The Five Points was a neighborhood in the 19th-century in Lower Manhattan, it stood on what is now Park, Worth & Baxter streets. The neighborhood was on the intersection bound by Center Street to the west, the Bowery to the east, Canal Street to the north, and Park Row to the south.
The Five Points neighborhood was one of the most notorious slums in the world and had gained international notoriety as a densely populated, disease-ridden, crime-infested slum that existed for well over 70 years. Charles Dickens once visited the area wanting to see the the Five Points for himself. His colorful description of the scene appeared in his book American Notes concluding, “all that is loathsome, drooping and decayed is here.”
Based in Manhattan’s Lower East Side, the Forty Thieves were formed by Edward Coleman in the 1825. Due to the poverty that was rampant the gang’s main purpose was to rebel against their social status but the members soon turned to crime to better their situation.
Edward Coleman, who by all accounts was a towering thug, was the founding gang leader of the Forty Thieves and was the first criminal to be executed at the newly constructed Tombs Prison in New York City. He was in control of a gang of pickpockets, muggers and stick up artists and issued with strict quotas. They also had a child gang, the Forty Little Thieves, who would be trained in the ways of pick pocketing, mugging etc, sometimes the little thieves would be brought along on jobs with the adults to act as lookouts or to fit inside windows and holes that an adult couldn’t fit into.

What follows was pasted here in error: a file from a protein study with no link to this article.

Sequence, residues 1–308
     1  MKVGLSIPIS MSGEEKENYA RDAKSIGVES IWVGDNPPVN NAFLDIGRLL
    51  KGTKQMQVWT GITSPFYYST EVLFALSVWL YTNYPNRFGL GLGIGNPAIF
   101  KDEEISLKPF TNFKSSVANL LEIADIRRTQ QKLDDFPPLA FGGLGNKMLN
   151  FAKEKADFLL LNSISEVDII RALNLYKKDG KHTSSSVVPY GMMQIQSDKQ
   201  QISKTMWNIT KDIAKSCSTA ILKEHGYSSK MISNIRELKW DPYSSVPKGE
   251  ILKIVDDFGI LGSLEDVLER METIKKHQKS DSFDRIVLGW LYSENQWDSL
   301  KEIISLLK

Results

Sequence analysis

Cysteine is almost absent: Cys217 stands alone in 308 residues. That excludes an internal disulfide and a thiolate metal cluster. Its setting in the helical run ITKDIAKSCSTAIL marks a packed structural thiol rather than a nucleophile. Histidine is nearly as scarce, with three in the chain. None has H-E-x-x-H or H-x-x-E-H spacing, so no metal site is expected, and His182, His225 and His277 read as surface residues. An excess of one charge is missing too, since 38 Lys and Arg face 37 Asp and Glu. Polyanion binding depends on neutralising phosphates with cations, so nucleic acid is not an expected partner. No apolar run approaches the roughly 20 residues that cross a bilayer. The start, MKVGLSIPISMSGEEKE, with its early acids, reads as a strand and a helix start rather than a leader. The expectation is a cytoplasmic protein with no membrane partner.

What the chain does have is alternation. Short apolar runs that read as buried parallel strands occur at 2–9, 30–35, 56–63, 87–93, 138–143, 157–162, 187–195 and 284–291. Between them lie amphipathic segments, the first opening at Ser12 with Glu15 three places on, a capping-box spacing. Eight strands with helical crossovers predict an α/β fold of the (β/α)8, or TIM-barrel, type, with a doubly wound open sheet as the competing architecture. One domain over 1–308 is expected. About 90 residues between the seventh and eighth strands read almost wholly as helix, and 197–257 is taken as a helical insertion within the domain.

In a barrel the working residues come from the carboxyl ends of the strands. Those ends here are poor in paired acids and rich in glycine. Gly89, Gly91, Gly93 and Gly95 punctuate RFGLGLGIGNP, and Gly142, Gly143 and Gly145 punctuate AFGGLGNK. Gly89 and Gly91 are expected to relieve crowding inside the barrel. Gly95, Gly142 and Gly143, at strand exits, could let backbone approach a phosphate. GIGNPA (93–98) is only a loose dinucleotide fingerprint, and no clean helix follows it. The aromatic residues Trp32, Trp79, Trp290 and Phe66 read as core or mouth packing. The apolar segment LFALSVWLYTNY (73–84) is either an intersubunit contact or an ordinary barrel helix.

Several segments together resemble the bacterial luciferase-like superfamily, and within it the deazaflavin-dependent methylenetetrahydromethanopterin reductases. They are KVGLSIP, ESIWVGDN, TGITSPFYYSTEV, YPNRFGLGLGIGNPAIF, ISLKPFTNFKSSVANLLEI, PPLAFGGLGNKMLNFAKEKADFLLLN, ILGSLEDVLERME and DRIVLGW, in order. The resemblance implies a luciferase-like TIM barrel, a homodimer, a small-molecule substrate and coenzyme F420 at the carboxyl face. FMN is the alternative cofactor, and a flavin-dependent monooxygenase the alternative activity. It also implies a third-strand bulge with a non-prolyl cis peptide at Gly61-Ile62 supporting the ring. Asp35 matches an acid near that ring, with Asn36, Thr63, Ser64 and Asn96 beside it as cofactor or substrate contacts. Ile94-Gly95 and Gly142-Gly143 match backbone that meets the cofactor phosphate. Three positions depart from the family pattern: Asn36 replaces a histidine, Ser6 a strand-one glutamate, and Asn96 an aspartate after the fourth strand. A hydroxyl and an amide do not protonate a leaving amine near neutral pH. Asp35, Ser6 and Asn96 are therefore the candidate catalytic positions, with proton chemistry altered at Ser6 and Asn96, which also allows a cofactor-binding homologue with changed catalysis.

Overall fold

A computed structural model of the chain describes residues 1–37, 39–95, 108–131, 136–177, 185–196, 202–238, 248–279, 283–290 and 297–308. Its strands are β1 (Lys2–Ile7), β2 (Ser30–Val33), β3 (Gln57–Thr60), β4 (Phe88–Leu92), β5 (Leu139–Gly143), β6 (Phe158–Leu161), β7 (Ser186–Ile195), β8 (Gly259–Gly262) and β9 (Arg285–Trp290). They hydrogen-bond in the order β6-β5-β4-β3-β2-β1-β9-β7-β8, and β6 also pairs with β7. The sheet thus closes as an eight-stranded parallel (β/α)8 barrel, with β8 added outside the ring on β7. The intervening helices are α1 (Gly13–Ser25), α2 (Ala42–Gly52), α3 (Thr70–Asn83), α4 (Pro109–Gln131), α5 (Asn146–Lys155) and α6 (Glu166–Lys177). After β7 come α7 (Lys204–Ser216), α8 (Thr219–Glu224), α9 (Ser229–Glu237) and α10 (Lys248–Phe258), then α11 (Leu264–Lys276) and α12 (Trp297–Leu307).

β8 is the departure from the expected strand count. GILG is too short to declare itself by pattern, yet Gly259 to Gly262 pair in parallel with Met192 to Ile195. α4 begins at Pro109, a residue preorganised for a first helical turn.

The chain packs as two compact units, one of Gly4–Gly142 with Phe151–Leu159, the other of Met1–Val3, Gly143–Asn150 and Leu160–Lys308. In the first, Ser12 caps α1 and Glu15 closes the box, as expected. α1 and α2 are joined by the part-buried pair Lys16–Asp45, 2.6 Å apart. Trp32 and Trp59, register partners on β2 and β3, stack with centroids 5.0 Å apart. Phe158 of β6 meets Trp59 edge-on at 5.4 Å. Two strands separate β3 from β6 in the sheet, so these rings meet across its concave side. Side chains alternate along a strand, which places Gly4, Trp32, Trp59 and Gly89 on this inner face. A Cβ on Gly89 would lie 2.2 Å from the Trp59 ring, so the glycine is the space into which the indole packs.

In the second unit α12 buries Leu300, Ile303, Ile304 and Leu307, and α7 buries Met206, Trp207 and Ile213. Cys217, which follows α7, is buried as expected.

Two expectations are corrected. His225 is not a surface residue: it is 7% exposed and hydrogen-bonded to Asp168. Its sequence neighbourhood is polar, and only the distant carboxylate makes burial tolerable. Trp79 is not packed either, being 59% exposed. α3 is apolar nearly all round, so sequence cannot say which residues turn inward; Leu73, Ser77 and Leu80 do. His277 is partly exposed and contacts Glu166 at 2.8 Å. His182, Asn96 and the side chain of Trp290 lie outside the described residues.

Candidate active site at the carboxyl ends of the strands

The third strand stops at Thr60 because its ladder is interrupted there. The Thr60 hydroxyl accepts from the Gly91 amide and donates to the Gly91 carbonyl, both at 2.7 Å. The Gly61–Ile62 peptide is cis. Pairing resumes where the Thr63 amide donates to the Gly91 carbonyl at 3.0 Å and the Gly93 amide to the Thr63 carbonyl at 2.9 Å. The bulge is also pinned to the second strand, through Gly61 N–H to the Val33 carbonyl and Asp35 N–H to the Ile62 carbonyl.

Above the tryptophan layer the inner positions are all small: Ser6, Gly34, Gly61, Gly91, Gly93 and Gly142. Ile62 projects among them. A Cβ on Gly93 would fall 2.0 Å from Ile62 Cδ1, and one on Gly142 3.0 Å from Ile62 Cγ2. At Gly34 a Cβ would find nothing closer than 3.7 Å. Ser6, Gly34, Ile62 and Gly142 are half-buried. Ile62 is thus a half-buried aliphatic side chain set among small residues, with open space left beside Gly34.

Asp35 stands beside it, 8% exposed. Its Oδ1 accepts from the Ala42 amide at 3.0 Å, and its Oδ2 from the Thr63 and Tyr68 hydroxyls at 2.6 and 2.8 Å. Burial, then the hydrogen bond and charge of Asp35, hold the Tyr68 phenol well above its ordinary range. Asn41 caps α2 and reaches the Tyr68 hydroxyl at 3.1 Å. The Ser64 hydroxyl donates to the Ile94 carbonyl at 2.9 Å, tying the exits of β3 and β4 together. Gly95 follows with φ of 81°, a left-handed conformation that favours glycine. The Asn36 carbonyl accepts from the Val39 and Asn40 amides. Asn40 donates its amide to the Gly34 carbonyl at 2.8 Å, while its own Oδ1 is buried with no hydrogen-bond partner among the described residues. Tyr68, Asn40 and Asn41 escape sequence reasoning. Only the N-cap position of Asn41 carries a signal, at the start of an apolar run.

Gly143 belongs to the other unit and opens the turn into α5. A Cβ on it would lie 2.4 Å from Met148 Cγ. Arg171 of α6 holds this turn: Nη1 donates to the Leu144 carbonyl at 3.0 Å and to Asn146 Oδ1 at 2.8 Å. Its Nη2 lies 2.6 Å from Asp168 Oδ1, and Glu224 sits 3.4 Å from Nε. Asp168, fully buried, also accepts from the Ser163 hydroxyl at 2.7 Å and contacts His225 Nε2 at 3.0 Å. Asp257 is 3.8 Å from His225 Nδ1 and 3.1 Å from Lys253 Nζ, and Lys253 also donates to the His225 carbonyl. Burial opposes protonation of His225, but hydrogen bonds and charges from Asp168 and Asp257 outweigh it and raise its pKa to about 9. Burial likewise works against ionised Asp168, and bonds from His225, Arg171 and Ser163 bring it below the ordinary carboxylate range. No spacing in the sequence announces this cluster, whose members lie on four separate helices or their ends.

Their headquarters was based in a Center Street grocery store owned by Rosanna Peers, who herself was a notorious fence of stolen goods and also sold illegal alcohol or rotgut liquor, in a backroom speakeasy. Gang members would meet at Peer’s grocery store to be given assignments and expect to share out everything they get, those who came back with a light bag or suspected of holding back would be thrown out. This led to disputes between members and in the long term Coleman was unable to maintain internal discipline. Outcast members were usually disposed of or would join other gangs that were forming around the city
From the violence to the high crime rates, Five Points desperately lacked the aid of government support. The Forty Thieves saw this as an economic opportunity, as they established a relationship with Tammany Hall. This corrupt bureaucracy provided community services in exchange for money and support from its residents to fund their corrupt agendas.
Edward Coleman ruled over the Five Points for fifteen years before he would be convicted of murdering his wife and becoming the first prisoner to be hanged and the newly built Tombs Prison in 1838 in Lower Manhattan. Coleman had met Ann a popular Five Points woman, who worked as a Hot Corn Girl but murdered her in a dispute of money, he was convicted and hanged in January 1839.
By the 1850’s, after a 25 year reign the gang had dissolved with its members joining larger gangs or leaving to work on their own.